Tuesday, April 14, 2009

A Canadian's Comment on Health Care

Interesting comment from Tom West on a health care post on Megan McCardle's Atlantic blog:

Boy, the more I read, the guiltier I feel about living in Canada. We sort of have the ideal position.

We're large enough that most of us don't see the direct comparison with the American system, (which is nice, but three times the price). America operates as our second tier which is close enough that the rich aren't upset about going there for expensive health-care, but far enough away that the even the moderately well-to-do don't look at it as a serious alternative.

We're insulated enough so that when the doctors say "there's nothing we can do", you can believe it without feeling guilty about not destroying your family's finances to pay for some sliver of hope. We benefit from the American innovations when they're finally brought down to a cost that our bureaucrats consider acceptable1. The doctors don't have to cater to ridiculous demands for unnecessary tests, and have no incentive to give them.

We have a Corolla health-care system as opposed to the American Lexus, but it does a decent job for most of us, and ends up being an element of society that binds most Canadians together rather than becomes a source of resentment and distrust. (Tommy Douglas who introduced our health-care system was recently selected as Greatest Canadian ever by viewing audiences.)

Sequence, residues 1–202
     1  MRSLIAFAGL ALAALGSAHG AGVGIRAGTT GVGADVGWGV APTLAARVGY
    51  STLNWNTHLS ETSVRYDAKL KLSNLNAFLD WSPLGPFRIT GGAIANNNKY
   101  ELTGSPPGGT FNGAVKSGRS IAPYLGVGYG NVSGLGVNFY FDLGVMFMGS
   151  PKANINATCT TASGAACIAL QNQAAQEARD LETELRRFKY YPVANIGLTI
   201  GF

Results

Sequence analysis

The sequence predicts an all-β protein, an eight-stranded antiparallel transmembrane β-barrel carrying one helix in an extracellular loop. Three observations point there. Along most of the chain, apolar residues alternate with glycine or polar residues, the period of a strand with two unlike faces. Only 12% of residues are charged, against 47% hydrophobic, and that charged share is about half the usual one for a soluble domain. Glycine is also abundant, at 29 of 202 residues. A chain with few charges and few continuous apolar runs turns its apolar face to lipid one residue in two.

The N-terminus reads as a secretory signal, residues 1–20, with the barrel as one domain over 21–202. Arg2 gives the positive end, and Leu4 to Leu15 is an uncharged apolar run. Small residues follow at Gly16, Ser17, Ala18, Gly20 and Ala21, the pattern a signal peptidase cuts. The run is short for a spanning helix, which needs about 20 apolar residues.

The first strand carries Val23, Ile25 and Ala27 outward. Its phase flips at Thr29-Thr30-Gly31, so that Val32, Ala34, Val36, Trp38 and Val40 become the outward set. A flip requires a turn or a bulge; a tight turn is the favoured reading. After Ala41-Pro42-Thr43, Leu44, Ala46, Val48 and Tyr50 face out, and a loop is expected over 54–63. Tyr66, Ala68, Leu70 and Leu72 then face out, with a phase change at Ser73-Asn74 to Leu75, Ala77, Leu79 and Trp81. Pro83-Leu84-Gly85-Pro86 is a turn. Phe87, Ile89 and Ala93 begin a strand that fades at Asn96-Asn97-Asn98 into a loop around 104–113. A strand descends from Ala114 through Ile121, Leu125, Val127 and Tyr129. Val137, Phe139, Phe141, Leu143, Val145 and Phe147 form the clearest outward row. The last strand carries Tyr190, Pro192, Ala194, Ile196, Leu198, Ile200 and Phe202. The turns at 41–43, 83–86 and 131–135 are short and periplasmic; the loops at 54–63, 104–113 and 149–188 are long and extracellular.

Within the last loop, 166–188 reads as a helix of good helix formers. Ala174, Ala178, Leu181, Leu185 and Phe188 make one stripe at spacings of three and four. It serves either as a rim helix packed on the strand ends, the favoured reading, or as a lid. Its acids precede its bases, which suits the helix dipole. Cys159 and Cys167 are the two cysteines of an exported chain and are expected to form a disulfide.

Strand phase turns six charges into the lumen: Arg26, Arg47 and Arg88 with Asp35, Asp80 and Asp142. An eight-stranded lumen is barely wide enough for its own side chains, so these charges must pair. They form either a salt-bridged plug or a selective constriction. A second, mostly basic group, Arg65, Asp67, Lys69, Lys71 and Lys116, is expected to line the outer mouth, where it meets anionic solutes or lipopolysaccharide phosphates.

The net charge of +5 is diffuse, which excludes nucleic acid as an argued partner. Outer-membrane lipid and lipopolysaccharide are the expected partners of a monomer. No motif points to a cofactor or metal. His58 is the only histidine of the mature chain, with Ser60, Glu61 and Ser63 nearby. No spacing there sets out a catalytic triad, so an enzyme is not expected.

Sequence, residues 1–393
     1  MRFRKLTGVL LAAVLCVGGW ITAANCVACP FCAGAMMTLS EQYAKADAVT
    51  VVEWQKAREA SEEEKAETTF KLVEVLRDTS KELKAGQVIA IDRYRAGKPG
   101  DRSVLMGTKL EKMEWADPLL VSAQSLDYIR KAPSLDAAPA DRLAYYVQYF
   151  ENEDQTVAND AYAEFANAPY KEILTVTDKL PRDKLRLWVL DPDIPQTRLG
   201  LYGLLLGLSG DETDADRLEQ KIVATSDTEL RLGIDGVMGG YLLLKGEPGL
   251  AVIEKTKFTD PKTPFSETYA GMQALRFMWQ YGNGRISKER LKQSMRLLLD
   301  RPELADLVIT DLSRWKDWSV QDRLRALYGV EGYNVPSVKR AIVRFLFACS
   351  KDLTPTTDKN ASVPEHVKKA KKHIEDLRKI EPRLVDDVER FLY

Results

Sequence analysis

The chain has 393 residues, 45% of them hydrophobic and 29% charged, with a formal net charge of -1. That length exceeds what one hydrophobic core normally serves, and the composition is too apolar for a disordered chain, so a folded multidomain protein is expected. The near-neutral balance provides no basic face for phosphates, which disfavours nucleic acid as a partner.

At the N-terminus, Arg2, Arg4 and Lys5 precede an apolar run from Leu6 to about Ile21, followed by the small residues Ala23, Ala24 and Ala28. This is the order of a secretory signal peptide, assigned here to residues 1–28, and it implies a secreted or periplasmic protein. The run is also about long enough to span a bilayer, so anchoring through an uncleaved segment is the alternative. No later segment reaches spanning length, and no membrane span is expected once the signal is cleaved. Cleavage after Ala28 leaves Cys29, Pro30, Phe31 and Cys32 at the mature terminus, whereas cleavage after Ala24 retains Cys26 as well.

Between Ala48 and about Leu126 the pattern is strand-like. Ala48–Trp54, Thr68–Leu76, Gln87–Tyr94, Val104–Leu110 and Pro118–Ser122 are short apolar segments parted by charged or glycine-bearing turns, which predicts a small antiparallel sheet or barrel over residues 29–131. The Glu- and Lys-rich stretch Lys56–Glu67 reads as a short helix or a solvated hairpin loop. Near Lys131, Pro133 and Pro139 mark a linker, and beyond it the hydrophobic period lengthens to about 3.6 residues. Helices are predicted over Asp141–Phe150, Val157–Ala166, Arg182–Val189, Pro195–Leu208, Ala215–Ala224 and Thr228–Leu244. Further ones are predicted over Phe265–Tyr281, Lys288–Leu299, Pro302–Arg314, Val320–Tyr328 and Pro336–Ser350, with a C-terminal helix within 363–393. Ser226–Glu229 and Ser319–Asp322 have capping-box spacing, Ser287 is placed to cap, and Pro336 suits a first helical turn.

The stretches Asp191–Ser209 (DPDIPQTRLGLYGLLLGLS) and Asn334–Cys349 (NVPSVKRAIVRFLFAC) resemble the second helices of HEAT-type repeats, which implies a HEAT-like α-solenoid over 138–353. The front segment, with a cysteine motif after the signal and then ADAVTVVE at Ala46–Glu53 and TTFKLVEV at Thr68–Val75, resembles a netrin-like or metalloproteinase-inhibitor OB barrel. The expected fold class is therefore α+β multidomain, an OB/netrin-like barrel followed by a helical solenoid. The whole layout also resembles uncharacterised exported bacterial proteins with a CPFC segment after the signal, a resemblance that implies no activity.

That said, sadly for those few Americans that look at our health-care system as a model, I'm afraid it wouldn't work for you. You'd be missing the one ingredient that helps it work as well as it does... You.

1Tom uses the passive voice here, but Canadian bureaucrats often actively lower drug costs by imposing price controls.


Ross Perot said...

Canadians come to the US to get timely, quality car. Americans do not go to Canada.

We must build walls with barbed wire to keep Mexicans out of the US- Mexico doesn't worry about Americans trying to get into Juarez.

The Berlin Wall was made to keep East Germans captive - not to keep West Germans out.

The superior system is obvious in all cases by the means necessary to restrict access.

Tom said...

Superior outcomes? No doubt. But outcomes are not the only determinant.

If someone gives me either a Lexus or a Corolla, I'll take the Lexus. If I have to *buy* a car, I'll take the Corolla. 90% of the car for 50% of the price.

The unique advantage Canada has is that it geography allows those who really care and can afford it to, when necessary, *rent* the Lexus :-).